The following chemicals will be required for the titration process. All can be purchased via the internet and some from supermarkets or hardware stores. Be sure that you obtain a Material Safety Data Sheet (MSDS) for each product you buy. It is a legal obligation on the part of the seller to supply this. Ask before purchasing, if an MSDS is not supplied, find another supplier.
1 litre should be sufficient for 100 titrations. Aim to buy the most pure you can at least 95% or better.
pH indicator solution
See also: Titrating with turmeric
Indicators are substances that change colour at a certain pH. All indicator solutions are made by adding a little bit of an indicator to a lot of alcohol. They change colour when the solution they are in changes to a specific pH level. The two most common indicators used for making biodiesel are phenolphthalein, and turmeric.
Phenolphthalein is the industry standard for titrating fats and oils to determine the percentage of free fatty acids they contain. It must be handled with care because it is an irritant. Phenolphthalein changes from colourless to pink at a pH 8.2
Turmeric is by no means new as an indicator and references to it can be found in chemistry texts. Because turmeric is readily available in the spice section of most supermarkets, is cheap and lacks the irritant effect of phenolphthalein, its use as an indicator is preferred by the majority of home biodiesel makers. Turmeric changes colour from yellow to orange/red at a pH 8.5, close to that of phenolphthalein.
As turmeric is safe and readily available, this page will concentrate on its use. It needs to be made into a solution as follows:
In a clean jar mix isopropyl alcohol and powdered turmeric in the ratio of 5 parts isopropyl alcohol to 1 part turmeric by volume and mix well. The proportions are not too critical, but you should end up with a bright yellow solution with the turmeric powder settled at the bottom. Decant off the liquid into your dropper bottle and dispose of the dregs. For each titration you will only use a few drops so you don’t need to make up a massive quantity. As the rate of use is slow it is advisable to make fresh solution every few months to ensure that you always obtain accurate results. Turmeric solution is obviously non hazardous and non toxic but it will severely stain clothes and work surfaces so take suitable precautions.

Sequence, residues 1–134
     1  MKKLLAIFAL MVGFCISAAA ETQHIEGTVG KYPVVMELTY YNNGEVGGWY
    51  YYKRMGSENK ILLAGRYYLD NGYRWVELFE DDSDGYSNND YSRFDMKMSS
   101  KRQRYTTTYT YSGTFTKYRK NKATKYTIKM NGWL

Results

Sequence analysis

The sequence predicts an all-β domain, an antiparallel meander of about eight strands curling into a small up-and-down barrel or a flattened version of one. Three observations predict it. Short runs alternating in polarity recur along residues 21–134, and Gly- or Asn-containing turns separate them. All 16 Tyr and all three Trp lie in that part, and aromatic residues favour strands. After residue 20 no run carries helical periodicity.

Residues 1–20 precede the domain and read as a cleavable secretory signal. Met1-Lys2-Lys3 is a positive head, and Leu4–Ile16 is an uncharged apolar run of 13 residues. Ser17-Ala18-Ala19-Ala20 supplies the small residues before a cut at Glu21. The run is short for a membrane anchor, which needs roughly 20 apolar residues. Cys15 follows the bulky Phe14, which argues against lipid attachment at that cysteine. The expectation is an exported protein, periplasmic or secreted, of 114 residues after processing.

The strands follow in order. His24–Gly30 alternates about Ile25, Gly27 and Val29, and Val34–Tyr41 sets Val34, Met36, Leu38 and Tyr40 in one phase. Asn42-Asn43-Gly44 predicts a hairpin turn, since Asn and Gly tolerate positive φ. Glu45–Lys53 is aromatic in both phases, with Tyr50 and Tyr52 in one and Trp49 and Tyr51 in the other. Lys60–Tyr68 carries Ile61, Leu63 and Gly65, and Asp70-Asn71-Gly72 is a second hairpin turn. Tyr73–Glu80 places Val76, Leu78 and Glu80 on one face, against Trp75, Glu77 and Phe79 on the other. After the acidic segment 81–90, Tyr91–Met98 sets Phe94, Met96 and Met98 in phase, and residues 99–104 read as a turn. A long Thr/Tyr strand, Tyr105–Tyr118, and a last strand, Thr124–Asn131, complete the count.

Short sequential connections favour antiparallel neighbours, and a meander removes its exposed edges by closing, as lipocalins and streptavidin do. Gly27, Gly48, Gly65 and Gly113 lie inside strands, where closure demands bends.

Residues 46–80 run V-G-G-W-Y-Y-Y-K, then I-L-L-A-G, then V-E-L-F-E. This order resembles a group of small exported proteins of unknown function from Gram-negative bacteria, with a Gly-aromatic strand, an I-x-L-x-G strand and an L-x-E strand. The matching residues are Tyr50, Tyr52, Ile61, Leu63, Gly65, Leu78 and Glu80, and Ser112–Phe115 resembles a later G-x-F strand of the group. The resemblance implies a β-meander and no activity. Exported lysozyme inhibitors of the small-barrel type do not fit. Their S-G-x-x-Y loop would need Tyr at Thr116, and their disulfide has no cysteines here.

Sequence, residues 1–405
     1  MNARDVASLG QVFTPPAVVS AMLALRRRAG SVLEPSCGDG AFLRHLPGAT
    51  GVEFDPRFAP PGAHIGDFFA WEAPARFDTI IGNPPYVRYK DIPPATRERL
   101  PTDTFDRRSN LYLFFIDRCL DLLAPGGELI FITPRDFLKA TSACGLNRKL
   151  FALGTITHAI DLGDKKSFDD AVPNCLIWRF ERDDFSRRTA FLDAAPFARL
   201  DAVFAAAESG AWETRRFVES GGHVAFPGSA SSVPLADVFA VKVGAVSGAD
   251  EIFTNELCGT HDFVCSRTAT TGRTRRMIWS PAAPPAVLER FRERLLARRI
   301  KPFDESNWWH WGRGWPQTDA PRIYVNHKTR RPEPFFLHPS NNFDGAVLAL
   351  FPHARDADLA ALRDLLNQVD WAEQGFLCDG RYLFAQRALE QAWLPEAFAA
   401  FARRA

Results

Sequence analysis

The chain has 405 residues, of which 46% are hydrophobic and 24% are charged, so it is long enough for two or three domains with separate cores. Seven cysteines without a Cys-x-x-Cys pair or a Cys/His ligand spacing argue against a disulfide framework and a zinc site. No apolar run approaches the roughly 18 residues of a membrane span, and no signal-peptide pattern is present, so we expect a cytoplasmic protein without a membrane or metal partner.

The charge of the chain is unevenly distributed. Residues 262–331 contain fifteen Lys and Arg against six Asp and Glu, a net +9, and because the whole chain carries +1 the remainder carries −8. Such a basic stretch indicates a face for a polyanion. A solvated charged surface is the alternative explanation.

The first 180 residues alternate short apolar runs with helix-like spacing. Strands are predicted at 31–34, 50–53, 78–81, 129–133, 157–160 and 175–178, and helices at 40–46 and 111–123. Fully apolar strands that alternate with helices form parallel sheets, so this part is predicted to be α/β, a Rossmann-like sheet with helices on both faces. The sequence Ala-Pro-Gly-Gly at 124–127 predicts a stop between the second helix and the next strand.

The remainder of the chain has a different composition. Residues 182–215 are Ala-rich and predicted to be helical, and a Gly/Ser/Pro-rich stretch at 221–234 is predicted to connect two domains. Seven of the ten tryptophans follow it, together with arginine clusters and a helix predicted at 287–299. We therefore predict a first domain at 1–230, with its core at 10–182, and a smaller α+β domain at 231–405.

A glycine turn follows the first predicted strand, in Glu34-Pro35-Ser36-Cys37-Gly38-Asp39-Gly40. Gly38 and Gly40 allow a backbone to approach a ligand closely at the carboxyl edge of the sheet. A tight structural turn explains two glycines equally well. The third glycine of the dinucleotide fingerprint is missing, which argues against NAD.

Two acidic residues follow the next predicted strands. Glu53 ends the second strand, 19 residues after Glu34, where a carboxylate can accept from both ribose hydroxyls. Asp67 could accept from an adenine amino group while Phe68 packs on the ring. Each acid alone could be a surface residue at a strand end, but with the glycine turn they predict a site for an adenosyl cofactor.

This needs to be a very accurately made solution of your catalyst, be it NaOH or KOH and distilled or deionised water.
Using clean equipment accurately measure out 1 litre of distilled water. Weigh out 1 gram of catalyst to an accuracy of 0.1gram (this is why you require scales of a similar accuracy). It is best practice to use catalyst from the same batch as you will use to make your biodiesel. Ideally the catalyst should be 99% pure. Add the catalyst to the water and stir carefully until completely dissolved.
A more accurate method of mixing a reference solution is to use the procedure above but use 10 grams of catalyst to 1 litre of distilled water. Then take 100ml of this solution and mix with a further 900ml of distilled water.
Both the raw catalyst and the solution you have made are hygroscopic. This means they will absorb water from the atmosphere. If this happens to any large extent it will render the raw catalyst unusable and the reference solution inaccurate so keep both in air tight containers and only expose to the air for as short a time as possible.
For each titration you will only require a very small quantity of reference solution, typically a maximum of 10ml, so a one litre batch will give you at least 100 tests depending on the titration level of your oil. As with the indicator solution it is best practice to make a fresh solution after a few months to ensure the accuracy of the test. Similarly, if you purchase a new supply of catalyst for biodiesel production, then you should make a new reference solution using the new catalyst.
The titration process
Safety first. To carry out titration tests you should wear rubber or latex gloves, long sleeves and suitable eye protection. Assemble all the equipment and chemicals on a clear, stable work surface and be clear in you mind as to how you are going to proceed.
Take a small sample of oil. The sample should obviously be from the batch of oil you are about to convert to biodiesel. As most people collect oil in small batches from different sources and combine them to make one batch, it is preferable to have previously loaded the oil into the processor and mixed it thoroughly whilst heating. This ensures two things, firstly that the oil is a homogeneous and representative sample of the whole batch and secondly that it is not too cold to carry out the titration. For accurate results titrations should be carried out at approximately 20°C, having the oil pre-warmed will assist.